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Complex Numbers - Finding roots

  1. Apr 15, 2009 #1
    1. The problem statement, all variables and given/known data
    Solve the equation z^4= -i


    2. Relevant equations
    De Moivre's Theorem


    3. The attempt at a solution
    I understand how to find the roots by equating modulus and argument but I wanted to ask how do you know which arguments to take? Because I got up to

    4*theta = -Pi/2, 3*Pi/2, 7*Pi/2

    then I thought that I should take -5*Pi/2 because I thought that the final argument should lie between -Pi and Pi. Is that wrong? Because the answers took 11*Pi/2 instead...

    I don't understand. Please help.
     
  2. jcsd
  3. Apr 15, 2009 #2

    CompuChip

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    Science Advisor
    Homework Helper

    Short answer: you are right.

    Long answer:

    First of all, note that for any integer n,
    [tex]e^{i \theta} = e^{i (\theta + 2 \pi)}.[/tex]

    However, it is convention to normalize angles by subtracting multiples of 2 pi. Unfortunately two different conventions are in use: some people prefer to take all angles between -pi and pi, some prefer to use angles between 0 and 2 pi. If you are using the first [second] convention and you get a negative angle [angle > pi] you can always go to the other convention by adding [subtracting] 2pi.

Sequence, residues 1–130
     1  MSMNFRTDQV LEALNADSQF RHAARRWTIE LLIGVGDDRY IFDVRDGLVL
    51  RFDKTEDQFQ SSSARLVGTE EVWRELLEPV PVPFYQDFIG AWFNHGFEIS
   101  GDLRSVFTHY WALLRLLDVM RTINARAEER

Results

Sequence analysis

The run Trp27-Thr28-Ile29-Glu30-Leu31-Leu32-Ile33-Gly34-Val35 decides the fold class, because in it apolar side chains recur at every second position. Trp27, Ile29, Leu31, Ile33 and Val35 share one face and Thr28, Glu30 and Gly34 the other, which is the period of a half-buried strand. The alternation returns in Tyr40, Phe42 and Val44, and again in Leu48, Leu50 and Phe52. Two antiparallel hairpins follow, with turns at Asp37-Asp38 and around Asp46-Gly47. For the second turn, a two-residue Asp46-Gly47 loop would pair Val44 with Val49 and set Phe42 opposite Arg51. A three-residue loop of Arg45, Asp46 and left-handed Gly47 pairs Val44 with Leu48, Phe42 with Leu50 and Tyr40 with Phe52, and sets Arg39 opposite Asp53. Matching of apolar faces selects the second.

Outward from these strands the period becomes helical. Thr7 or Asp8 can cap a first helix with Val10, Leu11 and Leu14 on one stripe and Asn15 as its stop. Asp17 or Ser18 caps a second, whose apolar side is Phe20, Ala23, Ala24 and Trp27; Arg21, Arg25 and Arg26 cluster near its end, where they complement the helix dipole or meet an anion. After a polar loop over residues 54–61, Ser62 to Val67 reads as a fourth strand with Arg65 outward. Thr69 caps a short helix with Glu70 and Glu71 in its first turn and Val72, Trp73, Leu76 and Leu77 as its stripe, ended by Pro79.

Now, solving z4 = -i you first write [itex]z = r e^{i \theta}, i = e^{-i \pi}[/itex]. The modulus equation gives r = 1, and then you get
    [tex]e^{4 i \theta} = e^{-i \pi / 2}[/tex]
    (I am using the convention of angles between -pi and pi here, otherwise you would get 3pi/2 on the RHS).
    The solution is given by
    [tex]4 \theta = - \pi / 2 + 2 \pi n[/tex]
    so -- dividing by 4 --
    [tex]\theta = - \frac{\pi}{8} + n \frac{pi}{2}[/tex]

    Now all you have to do is plug in values of n to get all the inequivalent angles between -pi and pi. You will find
    4theta = -5*Pi/8, -Pi/2, 3*Pi/2, 7*Pi/2

    If instead, you use the convention that angles should be between 0 and pi, you have to add 2 pi to the first two (i.e. add 8pi to 4 times the angle), and you get
    4theta = 3*Pi/2, 7*Pi/2, 11*Pi/2, 15*Pi/2.

    The book is apparently mixing the two conventions. Of course the answers are right, and if you want you could have written down
    4theta = +75*Pi/2, -33*Pi/2, 3*Pi/2, -1593*Pi/2
    if you wanted.
     
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